Body dysmorphic disorder is one of those conditions that is difficult to understand if you or someone you love has not suffered it- the psychological nature leads many to believe that behaviors linked with the tormenting illness are ones that can simply be overcome or abandoned with enough “willpower” or a better mindset.
But those who struggle with body dysmorphic disorder, the invisible battle to overcome the condition can be painful and life-altering, and the condition is often co-morbid with major forms of depression as well as social anxiety. In addition, suicidal ideation has long been linked with body dysmorphic disorder- but new research reveals that those who suffer from the mental illness have twice the suicide risk of those who do not.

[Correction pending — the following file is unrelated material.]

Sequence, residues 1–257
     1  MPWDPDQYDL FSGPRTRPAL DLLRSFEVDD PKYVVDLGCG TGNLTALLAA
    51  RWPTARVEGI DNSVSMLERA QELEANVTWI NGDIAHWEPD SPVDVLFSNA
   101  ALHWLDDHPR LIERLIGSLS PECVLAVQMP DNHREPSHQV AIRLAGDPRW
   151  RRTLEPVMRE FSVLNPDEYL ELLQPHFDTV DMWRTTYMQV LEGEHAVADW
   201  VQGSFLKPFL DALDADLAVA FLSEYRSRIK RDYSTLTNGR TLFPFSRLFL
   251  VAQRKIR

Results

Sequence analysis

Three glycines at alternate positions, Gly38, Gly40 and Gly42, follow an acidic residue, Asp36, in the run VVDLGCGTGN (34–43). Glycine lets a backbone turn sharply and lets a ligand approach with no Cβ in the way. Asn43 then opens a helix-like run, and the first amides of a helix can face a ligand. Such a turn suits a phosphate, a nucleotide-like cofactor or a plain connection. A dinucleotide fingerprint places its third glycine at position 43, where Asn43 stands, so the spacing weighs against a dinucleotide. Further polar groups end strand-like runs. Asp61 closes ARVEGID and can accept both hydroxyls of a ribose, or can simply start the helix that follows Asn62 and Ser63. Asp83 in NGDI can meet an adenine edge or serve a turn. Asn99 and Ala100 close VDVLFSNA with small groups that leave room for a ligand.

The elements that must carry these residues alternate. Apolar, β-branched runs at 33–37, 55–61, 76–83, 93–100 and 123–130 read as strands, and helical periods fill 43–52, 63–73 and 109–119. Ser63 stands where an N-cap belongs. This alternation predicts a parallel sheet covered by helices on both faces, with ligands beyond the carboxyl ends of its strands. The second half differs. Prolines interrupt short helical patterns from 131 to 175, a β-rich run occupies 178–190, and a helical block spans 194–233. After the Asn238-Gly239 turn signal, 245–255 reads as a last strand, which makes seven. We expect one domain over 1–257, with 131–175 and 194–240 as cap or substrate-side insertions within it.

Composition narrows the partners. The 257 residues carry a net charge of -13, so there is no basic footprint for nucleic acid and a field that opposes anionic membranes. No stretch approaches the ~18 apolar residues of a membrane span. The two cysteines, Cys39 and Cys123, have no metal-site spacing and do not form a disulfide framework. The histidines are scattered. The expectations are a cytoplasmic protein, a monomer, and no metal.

Body dysmorphic disorder is defined as defined as a crippling fixation on one or more body flaws, which can manifest in (among other things) excessive dieting to shed perceived excess weight, and often the sufferer is of an average build. Males and females equally suffer body dysmorphic disorder, as well as children and adolescents.
New research published in the medical journal Suicide and Life-Threatening Behavior examined the heightened risk between body dysmorphic disorder and suicide, and researcher Dr. Katharine A. Phillips, MD of Rhode Island Hospital, explains:
“Significantly limiting food intake can be physically painful… It goes against our natural instincts to feed our bodies and people may respond to the physical pain that comes with extreme hunger.”
“The results of this study suggest the importance of assessing individuals with BDD for restrictive eating behaviors to identify suicide risk, even if they haven’t previously been diagnosed with an eating disorder.”
Between one and two percent of the world’s population fits the diagnostic criteria for body dysmorphic disorder.